Mills Lane in Irving was named in honor of this family. Nicolas was born April 17, 1823, in France to Francis Joseph and Charlotte Gertrude (Figurey) Farine. In 1858 he came to the La Reunion Colony settlement near Dallas, via New Orleans. He had a wife and a child; both were lost shortly after their arrival to causes unknown.
When the La Reunion settlement disbanded, Nicolas procured land in the area now known as Irving. The home was near the present day MacArthur High School and another tract was at the present site of the Irving Baylor Medical Center. After settling there, he married Jane Mills, whose family had fled the ravages of the Civil War in southwest Missouri. Mills Lane in Irving is named for this family.
To this union, six children were born: Albert, 1868; Mary, 1870; Phillip, 1876; Fanny, 1878; Lucy, 1882; and Franklin, 1884. Three would spend their lifetimes on the old homestead—Phillip, Lucy, and Albert. Mary married a neighbor, Francis M. Story, son of the pioneer Jonathon Story. Mary and Francis moved often before settling on the Story place. Fanny (my mother) married Jonathon’s grandson, William C. Story. They acquired land south of the Story home, where they livedduring their lifetime of farming. The corners of the Farine and Story properties were near Adah Lane and Bellah Drive in Irving.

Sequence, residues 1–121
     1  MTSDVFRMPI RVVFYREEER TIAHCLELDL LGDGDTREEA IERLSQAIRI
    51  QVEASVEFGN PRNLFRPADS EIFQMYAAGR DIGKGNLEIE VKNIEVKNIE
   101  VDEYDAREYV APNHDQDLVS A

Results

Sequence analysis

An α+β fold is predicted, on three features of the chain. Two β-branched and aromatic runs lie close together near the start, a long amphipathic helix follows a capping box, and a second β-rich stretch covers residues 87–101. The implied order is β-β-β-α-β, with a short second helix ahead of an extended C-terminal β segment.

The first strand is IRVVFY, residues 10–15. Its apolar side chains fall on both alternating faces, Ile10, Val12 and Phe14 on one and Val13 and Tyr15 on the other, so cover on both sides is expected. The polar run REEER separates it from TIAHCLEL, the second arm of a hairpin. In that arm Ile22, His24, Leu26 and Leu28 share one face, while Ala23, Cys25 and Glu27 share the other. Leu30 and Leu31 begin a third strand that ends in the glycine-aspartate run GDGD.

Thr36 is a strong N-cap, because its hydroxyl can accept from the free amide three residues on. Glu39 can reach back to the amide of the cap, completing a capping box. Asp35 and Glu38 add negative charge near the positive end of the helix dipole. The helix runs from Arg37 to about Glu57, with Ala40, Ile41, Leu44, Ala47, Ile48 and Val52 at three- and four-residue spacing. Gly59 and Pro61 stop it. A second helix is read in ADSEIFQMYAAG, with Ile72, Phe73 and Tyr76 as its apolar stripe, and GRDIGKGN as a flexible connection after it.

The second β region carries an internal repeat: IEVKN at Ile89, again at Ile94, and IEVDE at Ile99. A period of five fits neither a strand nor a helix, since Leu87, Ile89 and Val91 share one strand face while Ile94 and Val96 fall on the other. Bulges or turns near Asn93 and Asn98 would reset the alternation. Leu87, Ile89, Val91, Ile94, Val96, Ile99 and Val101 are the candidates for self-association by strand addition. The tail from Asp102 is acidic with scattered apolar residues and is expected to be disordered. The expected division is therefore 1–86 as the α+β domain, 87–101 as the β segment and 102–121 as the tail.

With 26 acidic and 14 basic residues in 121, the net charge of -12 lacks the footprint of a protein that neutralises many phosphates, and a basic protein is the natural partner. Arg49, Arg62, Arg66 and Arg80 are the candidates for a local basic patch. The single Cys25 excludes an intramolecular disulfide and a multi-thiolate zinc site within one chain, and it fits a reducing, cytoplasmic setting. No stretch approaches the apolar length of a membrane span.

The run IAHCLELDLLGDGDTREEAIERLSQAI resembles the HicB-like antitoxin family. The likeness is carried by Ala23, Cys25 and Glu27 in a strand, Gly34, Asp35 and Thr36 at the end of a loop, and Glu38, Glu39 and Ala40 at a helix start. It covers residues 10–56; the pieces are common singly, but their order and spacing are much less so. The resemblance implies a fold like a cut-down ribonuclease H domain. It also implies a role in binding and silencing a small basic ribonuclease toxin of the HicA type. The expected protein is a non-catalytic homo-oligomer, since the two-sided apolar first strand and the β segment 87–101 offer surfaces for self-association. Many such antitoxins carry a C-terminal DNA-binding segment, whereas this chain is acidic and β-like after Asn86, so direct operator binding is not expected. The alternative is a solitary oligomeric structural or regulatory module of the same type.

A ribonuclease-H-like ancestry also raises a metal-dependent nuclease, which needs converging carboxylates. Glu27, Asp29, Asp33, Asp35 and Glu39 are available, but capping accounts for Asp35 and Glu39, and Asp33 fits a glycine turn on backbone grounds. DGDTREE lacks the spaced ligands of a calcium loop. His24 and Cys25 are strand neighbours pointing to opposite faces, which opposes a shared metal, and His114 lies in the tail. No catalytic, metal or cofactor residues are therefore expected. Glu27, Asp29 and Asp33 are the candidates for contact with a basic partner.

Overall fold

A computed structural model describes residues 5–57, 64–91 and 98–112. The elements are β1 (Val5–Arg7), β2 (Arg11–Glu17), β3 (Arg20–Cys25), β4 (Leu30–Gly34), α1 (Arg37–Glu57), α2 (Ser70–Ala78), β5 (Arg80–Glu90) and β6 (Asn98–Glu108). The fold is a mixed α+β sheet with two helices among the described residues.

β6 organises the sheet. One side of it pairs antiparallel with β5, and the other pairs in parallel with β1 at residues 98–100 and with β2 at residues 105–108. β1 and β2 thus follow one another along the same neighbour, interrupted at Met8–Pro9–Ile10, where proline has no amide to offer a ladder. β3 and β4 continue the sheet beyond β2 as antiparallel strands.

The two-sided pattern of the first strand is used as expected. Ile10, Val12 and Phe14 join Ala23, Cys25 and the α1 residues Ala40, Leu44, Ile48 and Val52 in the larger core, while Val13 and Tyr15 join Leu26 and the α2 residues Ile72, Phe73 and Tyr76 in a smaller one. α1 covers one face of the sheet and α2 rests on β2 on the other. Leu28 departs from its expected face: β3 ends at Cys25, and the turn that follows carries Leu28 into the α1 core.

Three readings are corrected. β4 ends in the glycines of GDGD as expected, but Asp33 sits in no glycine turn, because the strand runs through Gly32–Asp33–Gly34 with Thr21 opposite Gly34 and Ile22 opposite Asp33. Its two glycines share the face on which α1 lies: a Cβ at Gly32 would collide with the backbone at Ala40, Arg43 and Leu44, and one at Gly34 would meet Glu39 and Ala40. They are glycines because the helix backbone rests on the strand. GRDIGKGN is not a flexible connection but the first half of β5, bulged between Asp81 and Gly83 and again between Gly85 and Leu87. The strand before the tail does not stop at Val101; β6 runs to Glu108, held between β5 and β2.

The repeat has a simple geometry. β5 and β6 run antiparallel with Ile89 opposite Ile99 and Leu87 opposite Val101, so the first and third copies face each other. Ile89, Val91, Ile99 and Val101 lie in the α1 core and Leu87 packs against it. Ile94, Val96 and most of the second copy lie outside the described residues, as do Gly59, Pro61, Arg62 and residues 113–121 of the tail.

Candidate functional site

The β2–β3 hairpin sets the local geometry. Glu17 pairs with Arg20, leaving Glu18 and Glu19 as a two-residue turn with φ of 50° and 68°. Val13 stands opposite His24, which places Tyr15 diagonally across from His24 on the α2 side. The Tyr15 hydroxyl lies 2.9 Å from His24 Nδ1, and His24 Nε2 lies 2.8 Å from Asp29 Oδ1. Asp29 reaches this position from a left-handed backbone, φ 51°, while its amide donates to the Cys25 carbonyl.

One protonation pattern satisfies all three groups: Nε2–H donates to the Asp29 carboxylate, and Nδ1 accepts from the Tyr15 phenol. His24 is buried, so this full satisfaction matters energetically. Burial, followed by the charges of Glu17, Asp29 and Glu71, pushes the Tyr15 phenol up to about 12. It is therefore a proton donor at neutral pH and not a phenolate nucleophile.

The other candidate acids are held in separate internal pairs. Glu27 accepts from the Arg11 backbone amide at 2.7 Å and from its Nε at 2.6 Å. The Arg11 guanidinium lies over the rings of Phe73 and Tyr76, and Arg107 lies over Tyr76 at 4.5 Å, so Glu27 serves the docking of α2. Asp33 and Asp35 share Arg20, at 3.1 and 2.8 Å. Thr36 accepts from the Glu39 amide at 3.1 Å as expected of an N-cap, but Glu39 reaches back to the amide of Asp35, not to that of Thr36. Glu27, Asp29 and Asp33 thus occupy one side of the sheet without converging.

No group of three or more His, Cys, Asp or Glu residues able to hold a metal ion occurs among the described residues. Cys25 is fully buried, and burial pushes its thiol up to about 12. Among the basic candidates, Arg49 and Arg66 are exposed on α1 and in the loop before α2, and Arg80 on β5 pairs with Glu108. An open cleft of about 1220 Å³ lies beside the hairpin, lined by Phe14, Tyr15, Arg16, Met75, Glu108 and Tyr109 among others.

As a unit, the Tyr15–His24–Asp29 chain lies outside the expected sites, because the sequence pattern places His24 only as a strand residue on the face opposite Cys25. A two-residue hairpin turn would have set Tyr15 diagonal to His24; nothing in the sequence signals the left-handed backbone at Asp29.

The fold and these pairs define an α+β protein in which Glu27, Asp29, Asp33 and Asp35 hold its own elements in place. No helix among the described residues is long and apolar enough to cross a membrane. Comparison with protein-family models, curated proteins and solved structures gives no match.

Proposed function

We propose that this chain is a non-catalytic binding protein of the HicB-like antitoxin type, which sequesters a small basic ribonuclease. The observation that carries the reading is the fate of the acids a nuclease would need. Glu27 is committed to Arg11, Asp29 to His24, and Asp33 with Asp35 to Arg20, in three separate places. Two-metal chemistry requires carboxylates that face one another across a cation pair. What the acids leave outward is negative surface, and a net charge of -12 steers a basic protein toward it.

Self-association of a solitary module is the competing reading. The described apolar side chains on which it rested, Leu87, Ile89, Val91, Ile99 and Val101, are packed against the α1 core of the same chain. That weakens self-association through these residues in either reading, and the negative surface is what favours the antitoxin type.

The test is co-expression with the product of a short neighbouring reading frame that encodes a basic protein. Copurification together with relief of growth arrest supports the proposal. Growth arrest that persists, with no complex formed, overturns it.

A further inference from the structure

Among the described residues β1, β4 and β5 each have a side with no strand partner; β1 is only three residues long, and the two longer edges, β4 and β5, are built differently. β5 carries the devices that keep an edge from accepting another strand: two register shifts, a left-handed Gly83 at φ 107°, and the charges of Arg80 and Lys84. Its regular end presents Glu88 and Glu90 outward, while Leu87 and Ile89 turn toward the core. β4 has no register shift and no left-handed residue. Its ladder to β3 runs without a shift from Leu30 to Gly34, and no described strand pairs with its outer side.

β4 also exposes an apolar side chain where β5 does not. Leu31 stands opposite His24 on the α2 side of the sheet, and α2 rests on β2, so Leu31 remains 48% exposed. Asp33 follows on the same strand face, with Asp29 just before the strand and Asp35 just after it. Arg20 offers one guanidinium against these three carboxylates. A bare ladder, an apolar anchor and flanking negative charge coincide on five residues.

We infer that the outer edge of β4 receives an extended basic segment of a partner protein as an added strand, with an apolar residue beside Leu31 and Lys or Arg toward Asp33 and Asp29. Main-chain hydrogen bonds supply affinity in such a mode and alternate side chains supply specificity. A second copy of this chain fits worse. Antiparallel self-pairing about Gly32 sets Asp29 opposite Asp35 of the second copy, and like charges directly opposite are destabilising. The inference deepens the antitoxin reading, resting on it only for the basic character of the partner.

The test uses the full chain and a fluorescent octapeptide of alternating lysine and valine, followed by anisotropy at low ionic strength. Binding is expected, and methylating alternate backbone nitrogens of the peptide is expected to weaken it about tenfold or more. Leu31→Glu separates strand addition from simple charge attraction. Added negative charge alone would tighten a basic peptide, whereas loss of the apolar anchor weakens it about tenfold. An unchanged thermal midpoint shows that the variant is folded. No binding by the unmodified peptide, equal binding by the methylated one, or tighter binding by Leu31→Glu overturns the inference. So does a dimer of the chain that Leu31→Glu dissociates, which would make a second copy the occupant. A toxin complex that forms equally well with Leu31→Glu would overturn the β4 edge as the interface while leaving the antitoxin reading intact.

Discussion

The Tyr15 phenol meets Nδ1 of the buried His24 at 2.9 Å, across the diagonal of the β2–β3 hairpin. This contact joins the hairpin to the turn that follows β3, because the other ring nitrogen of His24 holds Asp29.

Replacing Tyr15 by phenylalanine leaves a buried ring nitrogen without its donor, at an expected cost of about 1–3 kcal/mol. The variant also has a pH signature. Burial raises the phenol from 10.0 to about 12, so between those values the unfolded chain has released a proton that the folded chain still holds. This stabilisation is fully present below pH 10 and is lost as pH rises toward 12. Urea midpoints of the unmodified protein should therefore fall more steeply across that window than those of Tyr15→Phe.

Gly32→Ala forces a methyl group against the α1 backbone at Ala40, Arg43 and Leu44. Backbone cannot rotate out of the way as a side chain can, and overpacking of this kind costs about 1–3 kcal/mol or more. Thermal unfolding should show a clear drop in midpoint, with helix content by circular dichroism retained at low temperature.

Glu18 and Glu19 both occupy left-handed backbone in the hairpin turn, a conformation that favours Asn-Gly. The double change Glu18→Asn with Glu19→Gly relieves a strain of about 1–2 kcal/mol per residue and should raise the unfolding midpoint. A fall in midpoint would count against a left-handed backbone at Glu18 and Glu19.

Nicolas is reported to have been a musician, and a French university uses one of his compositions as its song. My mother, Fanny, told of his bringing her an accordion and teaching her some music. She liked to pick out a melody on a piano and called out the notes as DO, RE, MI, FA, SOL, LA, TI, DO.
The six children of Nicolas and Jane have produced many descendants. The name Farine has survived only through their son, Phillip.
By Ray Story for Dallas County Pioneer Association‘s Proud Heritage, Volume III.
Photo: William C. Story family—1918